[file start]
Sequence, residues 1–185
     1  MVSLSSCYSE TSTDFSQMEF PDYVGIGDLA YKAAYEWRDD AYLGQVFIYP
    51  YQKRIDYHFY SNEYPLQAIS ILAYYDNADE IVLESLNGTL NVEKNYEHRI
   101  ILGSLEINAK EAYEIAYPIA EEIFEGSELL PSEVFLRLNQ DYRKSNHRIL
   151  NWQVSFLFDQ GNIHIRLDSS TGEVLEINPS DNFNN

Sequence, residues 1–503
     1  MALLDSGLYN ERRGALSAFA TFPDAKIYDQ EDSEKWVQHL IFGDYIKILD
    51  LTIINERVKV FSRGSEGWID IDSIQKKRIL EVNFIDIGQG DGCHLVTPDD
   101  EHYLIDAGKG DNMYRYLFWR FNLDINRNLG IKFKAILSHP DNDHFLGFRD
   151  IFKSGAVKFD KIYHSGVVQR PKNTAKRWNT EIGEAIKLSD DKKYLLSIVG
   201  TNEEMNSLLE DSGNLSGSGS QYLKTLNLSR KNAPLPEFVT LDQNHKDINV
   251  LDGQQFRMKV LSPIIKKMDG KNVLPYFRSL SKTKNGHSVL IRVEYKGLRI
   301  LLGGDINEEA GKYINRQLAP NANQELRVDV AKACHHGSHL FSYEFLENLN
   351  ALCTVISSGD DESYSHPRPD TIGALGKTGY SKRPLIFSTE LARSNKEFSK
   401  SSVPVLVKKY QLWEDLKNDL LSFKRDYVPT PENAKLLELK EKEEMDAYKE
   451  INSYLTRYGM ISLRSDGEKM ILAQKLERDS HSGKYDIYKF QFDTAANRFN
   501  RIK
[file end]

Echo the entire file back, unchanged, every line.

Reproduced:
Sequence, residues 1–185
     1  MVSLSSCYSE TSTDFSQMEF PDYVGIGDLA YKAAYEWRDD AYLGQVFIYP
    51  YQKRIDYHFY SNEYPLQAIS ILAYYDNADE IVLESLNGTL NVEKNYEHRI
   101  ILGSLEINAK EAYEIAYPIA EEIFEGSELL PSEVFLRLNQ DYRKSNHRIL
   151  NWQVSFLFDQ GNIHIRLDSS TGEVLEINPS DNFNN

Sequence, residues 1–503
     1  MALLDSGLYN ERRGALSAFA TFPDAKIYDQ EDSEKWVQHL IFGDYIKILD
    51  LTIINERVKV FSRGSEGWID IDSIQKKRIL EVNFIDIGQG DGCHLVTPDD
   101  EHYLIDAGKG DNMYRYLFWR FNLDINRNLG IKFKAILSHP DNDHFLGFRD
   151  IFKSGAVKFD KIYHSGVVQR PKNTAKRWNT EIGEAIKLSD DKKYLLSIVG
   201  TNEEMNSLLE DSGNLSGSGS QYLKTLNLSR KNAPLPEFVT LDQNHKDINV
   251  LDGQQFRMKV LSPIIKKMDG KNVLPYFRSL SKTKNGHSVL IRVEYKGLRI
   301  LLGGDINEEA GKYINRQLAP NANQELRVDV AKACHHGSHL FSYEFLENLN
   351  ALCTVISSGD DESYSHPRPD TIGALGKTGY SKRPLIFSTE LARSNKEFSK
   401  SSVPVLVKKY QLWEDLKNDL LSFKRDYVPT PENAKLLELK EKEEMDAYKE
   451  INSYLTRYGM ISLRSDGEKM ILAQKLERDS HSGKYDIYKF QFDTAANRFN
   501  RIK